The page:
Being Well. Doing Well.

I tried to find a quote about the nobility of our profession to start off this article. In fact, I googled that very thing and do you know what quote came up? "The first thing we do, let's kill all the lawyers." Apparently, William Shakespeare felt strongly about us.

It got me thinking though - that quote is exactly on point. The public's perception is a significant force behind why we have rules of ethics, ethics committees, and even the Lawyers Board. Indeed, the Office of Lawyers Professional Responsibility (OLPR) states as its vision and mission to protect the public and strengthen the profession.

Few things in the legal field can scare each and every one of us like a phone call from the OLPR. Seeing that call, some break out with a sweat, there are those that answer and then talk sparingly, others simply do not pick up. But, as it turns out, they are really working to help us practice law, which is something that I have learned through my service on the Second District Ethics Committee.

Recently, the Ramsey County Bar Association Board met with the Director of Minnesota's OLPR, Susan Humiston, to get an update on all things ethics. Well, maybe not all, but a lot.

Interesting to note, the OLPR receives approximately 1,100 complaints a year. Roughly 40% of those complaints are dismissed outright based upon the Office's review. The remainder of the complaints are investigated by either the OLPR staff or the volunteers that serve on the District Ethics Committee. Susan Humiston estimated that around 30% of these complaints result in non-public discipline (non-serious, isolated conduct) and that approximately 40-45 lawyers are disciplined publicly each year. The most frequent areas of complaints and/or violations are seen in a failure to communicate and in a lack of diligence.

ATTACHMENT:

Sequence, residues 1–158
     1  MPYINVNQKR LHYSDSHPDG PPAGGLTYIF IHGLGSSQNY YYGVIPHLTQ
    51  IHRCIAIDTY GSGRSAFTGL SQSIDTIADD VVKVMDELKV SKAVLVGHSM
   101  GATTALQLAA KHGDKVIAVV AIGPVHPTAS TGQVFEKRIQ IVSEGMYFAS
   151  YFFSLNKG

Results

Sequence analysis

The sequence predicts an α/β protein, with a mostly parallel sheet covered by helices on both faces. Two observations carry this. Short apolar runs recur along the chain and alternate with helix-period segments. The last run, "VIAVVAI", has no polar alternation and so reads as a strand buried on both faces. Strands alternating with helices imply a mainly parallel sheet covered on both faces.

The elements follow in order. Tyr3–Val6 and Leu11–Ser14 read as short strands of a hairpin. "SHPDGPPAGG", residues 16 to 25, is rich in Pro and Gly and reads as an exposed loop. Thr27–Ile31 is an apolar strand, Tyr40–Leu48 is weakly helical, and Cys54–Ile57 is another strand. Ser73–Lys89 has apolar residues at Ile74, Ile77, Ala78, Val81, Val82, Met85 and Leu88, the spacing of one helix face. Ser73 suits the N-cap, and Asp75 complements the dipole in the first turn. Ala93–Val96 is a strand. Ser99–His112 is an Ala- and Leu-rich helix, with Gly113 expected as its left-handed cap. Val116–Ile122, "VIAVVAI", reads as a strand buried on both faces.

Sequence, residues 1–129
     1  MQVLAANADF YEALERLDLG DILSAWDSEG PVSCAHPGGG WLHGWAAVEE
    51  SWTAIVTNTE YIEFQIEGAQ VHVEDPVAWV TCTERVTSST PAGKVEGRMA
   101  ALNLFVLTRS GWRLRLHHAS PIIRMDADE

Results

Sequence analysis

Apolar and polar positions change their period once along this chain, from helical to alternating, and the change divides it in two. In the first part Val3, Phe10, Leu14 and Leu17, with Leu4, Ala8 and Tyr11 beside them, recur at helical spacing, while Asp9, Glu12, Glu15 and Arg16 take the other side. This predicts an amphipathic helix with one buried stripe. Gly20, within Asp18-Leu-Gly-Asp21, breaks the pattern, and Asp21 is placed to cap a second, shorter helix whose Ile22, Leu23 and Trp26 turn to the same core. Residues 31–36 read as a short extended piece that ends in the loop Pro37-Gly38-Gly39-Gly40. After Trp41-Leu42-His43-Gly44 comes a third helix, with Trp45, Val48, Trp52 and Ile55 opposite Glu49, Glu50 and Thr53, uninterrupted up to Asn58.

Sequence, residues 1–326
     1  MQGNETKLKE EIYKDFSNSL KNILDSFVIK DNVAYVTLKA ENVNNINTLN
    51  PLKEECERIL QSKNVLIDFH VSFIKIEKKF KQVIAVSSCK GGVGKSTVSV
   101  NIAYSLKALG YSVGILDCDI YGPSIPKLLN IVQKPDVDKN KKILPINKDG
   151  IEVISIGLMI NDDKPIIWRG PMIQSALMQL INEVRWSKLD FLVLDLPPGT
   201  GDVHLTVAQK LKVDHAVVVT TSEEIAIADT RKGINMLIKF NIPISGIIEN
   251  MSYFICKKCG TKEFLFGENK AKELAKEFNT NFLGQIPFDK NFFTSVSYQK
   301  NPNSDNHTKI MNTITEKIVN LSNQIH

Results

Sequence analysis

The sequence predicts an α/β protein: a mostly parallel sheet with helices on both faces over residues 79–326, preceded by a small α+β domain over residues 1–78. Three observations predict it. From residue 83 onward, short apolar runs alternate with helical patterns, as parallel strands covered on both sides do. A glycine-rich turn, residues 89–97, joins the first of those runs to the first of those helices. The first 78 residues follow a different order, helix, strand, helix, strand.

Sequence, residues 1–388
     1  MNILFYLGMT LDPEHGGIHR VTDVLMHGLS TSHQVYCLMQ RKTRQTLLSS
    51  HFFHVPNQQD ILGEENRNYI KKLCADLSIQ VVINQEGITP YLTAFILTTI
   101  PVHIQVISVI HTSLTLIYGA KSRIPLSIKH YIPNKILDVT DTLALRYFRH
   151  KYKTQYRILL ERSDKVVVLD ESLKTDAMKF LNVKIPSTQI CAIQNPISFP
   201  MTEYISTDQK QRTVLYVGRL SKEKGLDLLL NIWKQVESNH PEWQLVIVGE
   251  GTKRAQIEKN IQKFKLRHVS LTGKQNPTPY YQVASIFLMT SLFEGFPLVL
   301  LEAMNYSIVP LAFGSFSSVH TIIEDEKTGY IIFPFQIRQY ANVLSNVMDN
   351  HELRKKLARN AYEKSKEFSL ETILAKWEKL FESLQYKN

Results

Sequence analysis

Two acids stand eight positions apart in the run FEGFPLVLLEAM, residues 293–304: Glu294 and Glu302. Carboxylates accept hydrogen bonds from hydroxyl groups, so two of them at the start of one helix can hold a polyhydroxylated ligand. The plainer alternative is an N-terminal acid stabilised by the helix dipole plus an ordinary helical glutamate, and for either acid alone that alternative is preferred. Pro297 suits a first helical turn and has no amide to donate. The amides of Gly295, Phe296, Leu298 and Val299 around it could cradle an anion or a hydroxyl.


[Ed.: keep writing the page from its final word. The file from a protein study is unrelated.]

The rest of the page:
While none of us like to see those numbers, given how large a group we are (25,000 active lawyers), those numbers are relatively small.

The areas of law that see the most complaints are in family law and criminal law. However, as Susan Humiston noted: real estate, estate planning, and probate are the next biggest categories which have been increasing in complaints lodged. She also detailed that lawyers who receive the most discipline fall into the group that has been practicing law somewhere in the range of 11-20 years, with 80% men and 20% women.

However, none of this can be addressed without factoring in issues that arise in lawyer well-being. This includes mental health concerns and/or some aspect of substance abuse that has a direct correlation to discipline cases. Lawyer well-being issues constitute approximately one third of the public discipline cases tackled by the OLPR.

Knowing all of this, we need to take a step back to change how attorneys think about the OLPR. I am hopeful we can use their services to appreciate how the OLPR can help us in our practice. That usefulness comes, in part, in the form of the "advisory opinion hotline." Not a catchy name to be sure, but it works. They receive more than 2,000 calls per year providing advice on prospective conduct and insight to our questions.

Susan Humiston noted that a significant majority of the calls address conflicts, confidentiality, and how to withdraw ethically. The OLPR keeps a log of these calls, so should you ever be in need of proof that you made such a call, they are happy to provide a copy of the information noted which includes the advice given.

In addition, the OLPR has a helpful Well-Being Tool Kit for Lawyers and Employers, Board Opinions, Trust Account guides, and a link to a 2-hour free CLE called, "Everything You Need to Know About Trust Accounts." They also support and assist the District Ethics Committee at our monthly meetings and during investigations.

In the RCBA's effort to assist attorney well-being, we are jointly sponsoring, along with the MSBA, HCBA, and Lawyers Concerned for Lawyers, a CLE called, "Answering the Call - The Path to Wellbeing in the Legal Profession" at the Science Museum in Saint Paul on Monday, January 13 from 1-4 p.m., with a reception to follow. This event will address wellness in our profession and is $20 for private practice attorneys and $10 for public attorneys. I encourage us all to attend.

As practitioners in a challenging and complicated line of work, we need to know all the resources that are available. Strengthening our profession, enhancing the reputation of lawyers, and building trust in our profession is something we can all get behind.